By MARSHA MERCER
If you were outraged by the Supreme Court’s Hobby Lobby decision, take a deep breath and get ready for the next battle over women’s rights.
A case that will affect millions of working women is on the Supreme Court docket for the term beginning Oct. 6. Young v. United Parcel Service will test the law prohibiting employment discrimination against pregnant women. And it’s anybody’s guess how this court will rule.
The essential issue in Young is whether an employer who provides accommodations to some workers with work limitations must also provide them to pregnant workers who are “similar in their ability or inability to work.”
The obvious answer: Yes, of course. It’s been against the law for employers to discriminate against pregnant workers since the era of the Bee Gees, Laverne & Shirley and big hair.
Congress passed and President Jimmy Carter signed the Pregnancy Discrimination Act of 1978 in response to a boneheaded 1976 Supreme Court ruling that found discrimination on the basis of pregnancy was not sex discrimination but discrimination between pregnant and non-pregnant people.
The pregnancy act says employers must treat a pregnant woman who is temporarily unable to perform her job the same way it treats other temporarily disabled employees.
Despite the law, allegations of discrimination against pregnant workers persist more than 35 years later. Some members of Congress and President Barack Obama want stronger laws to ensure that pregnant workers don’t face discrimination.
And now the Supreme Court is getting involved.
Peggy Young was a part-time “air” driver for United Parcel Service in Landover, Md., in 2006 when she took a leave of absence for in vitro fertilization treatments. She became pregnant and her midwife said Young should not lift packages heavier than 20 pounds for the first 20 weeks of pregnancy and 10 pounds subsequently.
Young wanted to return to work. As an air driver, she met an early morning shuttle from the airport and delivered letters and packages by 8:30 a.m. These packages cost more to send and tend to be lighter than other UPS packages, according to court documents.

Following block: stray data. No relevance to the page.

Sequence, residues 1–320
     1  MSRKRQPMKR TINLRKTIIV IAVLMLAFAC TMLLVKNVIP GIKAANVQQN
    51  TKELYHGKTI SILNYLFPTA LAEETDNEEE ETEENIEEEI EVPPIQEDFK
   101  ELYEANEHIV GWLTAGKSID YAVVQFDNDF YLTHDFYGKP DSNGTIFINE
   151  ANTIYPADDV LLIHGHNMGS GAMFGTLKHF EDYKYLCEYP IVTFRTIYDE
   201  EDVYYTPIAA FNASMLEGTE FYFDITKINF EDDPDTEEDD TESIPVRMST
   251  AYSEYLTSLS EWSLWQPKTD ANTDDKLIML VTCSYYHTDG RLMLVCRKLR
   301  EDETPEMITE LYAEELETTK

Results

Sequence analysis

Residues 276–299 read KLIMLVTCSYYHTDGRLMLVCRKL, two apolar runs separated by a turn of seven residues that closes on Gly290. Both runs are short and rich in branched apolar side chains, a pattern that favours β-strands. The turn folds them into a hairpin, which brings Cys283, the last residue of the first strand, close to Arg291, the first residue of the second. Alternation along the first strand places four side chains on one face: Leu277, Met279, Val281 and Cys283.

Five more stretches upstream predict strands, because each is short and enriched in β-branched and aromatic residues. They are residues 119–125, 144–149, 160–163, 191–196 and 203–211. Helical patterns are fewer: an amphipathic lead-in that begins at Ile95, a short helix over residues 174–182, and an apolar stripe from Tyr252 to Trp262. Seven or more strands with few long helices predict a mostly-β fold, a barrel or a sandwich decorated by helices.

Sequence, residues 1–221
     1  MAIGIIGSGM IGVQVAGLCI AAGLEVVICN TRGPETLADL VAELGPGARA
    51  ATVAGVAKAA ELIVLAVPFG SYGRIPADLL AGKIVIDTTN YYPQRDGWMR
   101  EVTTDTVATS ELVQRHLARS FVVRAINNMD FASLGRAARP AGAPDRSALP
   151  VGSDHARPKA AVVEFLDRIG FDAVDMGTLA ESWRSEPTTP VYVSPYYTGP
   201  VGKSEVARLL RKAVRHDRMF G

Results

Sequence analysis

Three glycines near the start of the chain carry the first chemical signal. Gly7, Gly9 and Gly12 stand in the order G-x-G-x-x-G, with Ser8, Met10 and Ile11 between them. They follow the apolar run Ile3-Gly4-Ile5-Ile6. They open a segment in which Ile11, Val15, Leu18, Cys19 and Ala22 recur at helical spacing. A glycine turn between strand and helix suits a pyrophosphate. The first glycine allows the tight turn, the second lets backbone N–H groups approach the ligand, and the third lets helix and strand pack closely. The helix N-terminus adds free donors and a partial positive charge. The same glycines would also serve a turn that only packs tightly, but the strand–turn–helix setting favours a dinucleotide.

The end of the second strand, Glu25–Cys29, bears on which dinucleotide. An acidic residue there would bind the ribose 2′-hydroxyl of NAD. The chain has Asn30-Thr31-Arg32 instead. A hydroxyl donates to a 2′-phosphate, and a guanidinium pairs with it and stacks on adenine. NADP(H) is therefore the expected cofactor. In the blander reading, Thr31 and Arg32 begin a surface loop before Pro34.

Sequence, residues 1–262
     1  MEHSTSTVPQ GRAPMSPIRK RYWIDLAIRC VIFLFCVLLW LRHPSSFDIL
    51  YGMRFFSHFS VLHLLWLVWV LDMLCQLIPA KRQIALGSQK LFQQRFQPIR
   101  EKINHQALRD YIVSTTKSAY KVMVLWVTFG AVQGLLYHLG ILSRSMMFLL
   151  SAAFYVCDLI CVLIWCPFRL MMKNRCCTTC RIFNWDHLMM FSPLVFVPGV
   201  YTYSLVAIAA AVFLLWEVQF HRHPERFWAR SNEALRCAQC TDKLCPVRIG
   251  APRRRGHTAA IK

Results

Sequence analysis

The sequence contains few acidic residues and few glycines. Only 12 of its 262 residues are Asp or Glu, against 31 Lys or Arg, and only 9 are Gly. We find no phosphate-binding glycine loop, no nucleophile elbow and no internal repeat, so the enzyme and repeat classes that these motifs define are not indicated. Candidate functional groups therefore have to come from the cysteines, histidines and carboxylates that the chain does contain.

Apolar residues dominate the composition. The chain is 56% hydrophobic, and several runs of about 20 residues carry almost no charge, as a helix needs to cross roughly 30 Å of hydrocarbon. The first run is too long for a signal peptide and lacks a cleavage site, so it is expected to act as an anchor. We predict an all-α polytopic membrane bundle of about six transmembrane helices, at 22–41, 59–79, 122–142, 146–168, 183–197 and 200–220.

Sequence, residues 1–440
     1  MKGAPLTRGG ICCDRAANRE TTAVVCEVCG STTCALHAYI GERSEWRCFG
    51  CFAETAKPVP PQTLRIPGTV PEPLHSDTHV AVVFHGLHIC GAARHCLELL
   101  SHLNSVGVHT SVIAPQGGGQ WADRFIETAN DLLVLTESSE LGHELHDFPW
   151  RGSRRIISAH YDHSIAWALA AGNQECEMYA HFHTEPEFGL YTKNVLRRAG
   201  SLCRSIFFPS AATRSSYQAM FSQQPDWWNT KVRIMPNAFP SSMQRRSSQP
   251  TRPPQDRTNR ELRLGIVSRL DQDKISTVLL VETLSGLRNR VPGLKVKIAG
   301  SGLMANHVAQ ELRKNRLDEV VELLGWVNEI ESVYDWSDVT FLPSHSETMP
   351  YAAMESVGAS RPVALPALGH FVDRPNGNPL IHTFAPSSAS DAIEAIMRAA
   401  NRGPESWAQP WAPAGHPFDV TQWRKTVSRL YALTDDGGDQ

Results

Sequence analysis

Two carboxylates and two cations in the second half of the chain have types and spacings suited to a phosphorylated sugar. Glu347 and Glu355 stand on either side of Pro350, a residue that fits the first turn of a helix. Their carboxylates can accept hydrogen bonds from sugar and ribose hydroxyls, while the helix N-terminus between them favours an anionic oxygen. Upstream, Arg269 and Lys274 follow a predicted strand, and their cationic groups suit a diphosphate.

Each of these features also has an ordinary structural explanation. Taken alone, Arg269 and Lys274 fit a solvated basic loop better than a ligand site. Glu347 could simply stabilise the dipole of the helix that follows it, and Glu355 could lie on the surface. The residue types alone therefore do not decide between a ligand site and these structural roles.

But her job description required that she be able to lift packages weighing 70 pounds. Young asked to return to her regular job or for light duty.
Her boss empathized but refused, saying Young was too much of a liability to work at her regular job and citing the company’s policy to provide light duty only to employees injured on the job, to those who meet the criteria of disabled under the federal disability law or to those who lose their federal driver certificate.
UPS says its policies are “pregnancy neutral” and are specified in its collective bargaining agreement negotiated with the Teamsters. Young was a member of the union. Young went on unpaid leave and lost her health insurance. She returned to work after the baby was born.
Contending she was treated differently from others temporarily unable to perform their jobs, she complained to the Equal Employment Opportunity Commission, which authorized her to sue UPS. She did with the support of the ACLU and women’s groups.
UPS contends it treated Young “exactly the same way it treats all employees – regardless of pregnancy – who are unable to perform essential functions of the job as a result of an off-the-job injury or condition.”
The district court ruled for UPS, and the U.S. Court of Appeals for the Fourth Circuit affirmed the decision. Young took her case to the Supreme Court.
The justices asked the U.S. solicitor general for his advice on whether to hear the appeal. The government’s lawyer, Donald B. Verrilli Jr., said no.
While the lower courts’ rulings were wrong and the questions raised are “important and recurring,” Verrilli said, a disability law passed in 2008 law will help resolve the legal issues. Besides, the EEOC is working on guidance for employers. The justices decided to take the case anyway. They never say why.
America’s working women will be waiting and watching. This time, surely, a majority of justices will stand up for women’s rights.
© 2014 Marsha Mercer. All rights reserved.